Speed was on a cheap return ticket to Coolangatta on Monday and while he was disappointed his mate would not play at the weekend, was happy enough to take over his suite at the Crown Casino for a bit more quality leisure time with Mrs X.
Not really much of a golfing fan, Speed spent most of the weekend enjoying the suite, Mrs X and some productive time on the tables.
In fact, he actually kept an eye on the final round of the Masters from the Crown’s sports bar where he experienced some of his old man’s punting urges.
As it turned out, Speed managed to turn $350 he found under Campbell’s bed into $8500 by the time Tiger Woods had fired his final round of 68 to clinch the title by a couple of shots.
The time for celebration had come and what a party it was.
Speed turned one on and eventually walked Mrs X to a cab at the front of the Crown around 6am so she could make her flight in time.
On returning inside, Speed caught a glimpse of Woods and gave him a respectful wave and “good on ya mate” as only an over-beered Australian can.
He then decided to have a rest beside the water show fountain in the foyer and nestled next to someone with a familiar face.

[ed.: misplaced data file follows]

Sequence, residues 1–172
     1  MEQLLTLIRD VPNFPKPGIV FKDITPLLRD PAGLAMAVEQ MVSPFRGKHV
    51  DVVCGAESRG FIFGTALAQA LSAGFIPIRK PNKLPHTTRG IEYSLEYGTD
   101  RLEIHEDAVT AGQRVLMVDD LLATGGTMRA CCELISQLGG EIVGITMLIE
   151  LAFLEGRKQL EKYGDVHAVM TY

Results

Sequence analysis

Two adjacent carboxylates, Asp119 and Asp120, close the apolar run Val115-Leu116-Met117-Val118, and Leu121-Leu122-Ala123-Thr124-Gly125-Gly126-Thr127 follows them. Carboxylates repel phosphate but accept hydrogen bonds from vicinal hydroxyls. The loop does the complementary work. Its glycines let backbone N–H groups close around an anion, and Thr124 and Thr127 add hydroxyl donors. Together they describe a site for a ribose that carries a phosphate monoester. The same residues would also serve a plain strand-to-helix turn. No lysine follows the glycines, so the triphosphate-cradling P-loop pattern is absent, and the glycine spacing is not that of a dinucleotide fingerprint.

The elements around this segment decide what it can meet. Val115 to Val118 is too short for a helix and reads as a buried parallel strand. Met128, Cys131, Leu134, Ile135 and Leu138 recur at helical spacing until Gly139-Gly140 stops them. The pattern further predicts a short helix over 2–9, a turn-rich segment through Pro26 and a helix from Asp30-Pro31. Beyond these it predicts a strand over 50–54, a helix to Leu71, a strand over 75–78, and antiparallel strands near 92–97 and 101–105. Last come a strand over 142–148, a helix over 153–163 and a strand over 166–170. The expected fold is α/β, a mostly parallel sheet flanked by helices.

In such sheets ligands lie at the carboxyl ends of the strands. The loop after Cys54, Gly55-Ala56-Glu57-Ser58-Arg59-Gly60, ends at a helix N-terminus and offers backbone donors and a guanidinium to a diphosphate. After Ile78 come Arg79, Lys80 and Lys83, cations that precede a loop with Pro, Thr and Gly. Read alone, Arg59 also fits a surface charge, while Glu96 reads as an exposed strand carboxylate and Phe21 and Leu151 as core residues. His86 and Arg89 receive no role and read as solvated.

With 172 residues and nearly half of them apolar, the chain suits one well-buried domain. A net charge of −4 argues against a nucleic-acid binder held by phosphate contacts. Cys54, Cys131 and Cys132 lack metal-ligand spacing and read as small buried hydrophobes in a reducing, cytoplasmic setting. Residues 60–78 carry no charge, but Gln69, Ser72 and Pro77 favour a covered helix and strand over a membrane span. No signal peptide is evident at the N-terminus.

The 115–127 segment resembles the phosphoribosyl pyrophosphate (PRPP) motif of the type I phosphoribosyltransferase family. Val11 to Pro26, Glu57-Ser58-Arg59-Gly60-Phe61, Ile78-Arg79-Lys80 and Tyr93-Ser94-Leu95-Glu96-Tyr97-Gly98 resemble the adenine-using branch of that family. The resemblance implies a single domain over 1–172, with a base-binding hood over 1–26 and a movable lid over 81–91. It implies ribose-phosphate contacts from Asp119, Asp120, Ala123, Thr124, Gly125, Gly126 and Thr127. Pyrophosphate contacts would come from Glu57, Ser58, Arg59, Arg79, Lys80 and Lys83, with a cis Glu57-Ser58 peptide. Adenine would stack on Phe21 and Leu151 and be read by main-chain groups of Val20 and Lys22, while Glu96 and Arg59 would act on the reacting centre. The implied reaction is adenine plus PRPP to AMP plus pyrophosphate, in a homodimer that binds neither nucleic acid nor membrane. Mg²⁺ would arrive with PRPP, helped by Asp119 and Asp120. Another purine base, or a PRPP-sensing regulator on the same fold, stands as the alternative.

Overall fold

After a minute of examination, Speed realised that he was sitting next to Rachel Uchitel, who had meet in a New York night club several months earlier while on a break from doing a pilot for a racing driver reality TV show.
Rachel was a little concerned about taking up the initial conversation with Speed, but she clearly remembered him from his green helmet, dark glasses, Aussie accent and his ability to kick a Kentucky Field goal.
The two made small talk for 10 minutes or so, before she strolled to a limo which was apparently taking her to a waiting private jet back to the US.
Speed headed back to bed, missed his flight, but still had enough cash to get a fresh Jet Star bird to Coolangatta, despite getting rid of another $1000 with a couple of lovely new friends he shared a champagne breakfast with.
A couple of weeks later, Mrs X called Speed in a massive panic while on his way to the final round of the V8 Supercar Championship Series at the Sydney Telstra 500.
Apparently old love race car driver had found a Crown Casino baggage tag dated November 15 in her purse and automatically linked her with Woods and his visit Down Under and the world-wide publicity storm.
Speed convinced her to convince Mr X that the baggage tag did actually come from Peppers Resort on the NSW Tweed Coast where she was supposed to have been on a “retreat” with some girlfriends during the Masters week.
The fact that Mr X believed that all bag tags in Australia are produced by the one company and that the Crown Casino tags got sent to Peppers by mistake provides a pretty good reason why the bloke is running towards the back and not for the title.
What happens next is – up to you…